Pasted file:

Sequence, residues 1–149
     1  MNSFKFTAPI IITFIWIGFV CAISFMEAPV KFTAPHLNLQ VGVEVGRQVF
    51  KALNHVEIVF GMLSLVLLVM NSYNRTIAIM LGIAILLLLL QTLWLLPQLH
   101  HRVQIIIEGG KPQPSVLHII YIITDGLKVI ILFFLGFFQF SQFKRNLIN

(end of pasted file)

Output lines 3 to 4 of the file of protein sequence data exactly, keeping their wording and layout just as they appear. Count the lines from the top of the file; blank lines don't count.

    51  KALNHVEIVF GMLSLVLLVM NSYNRTIAIM LGIAILLLLL QTLWLLPQLH
   101  HRVQIIIEGG KPQPSVLHII YIITDGLKVI ILFFLGFFQF SQFKRNLIN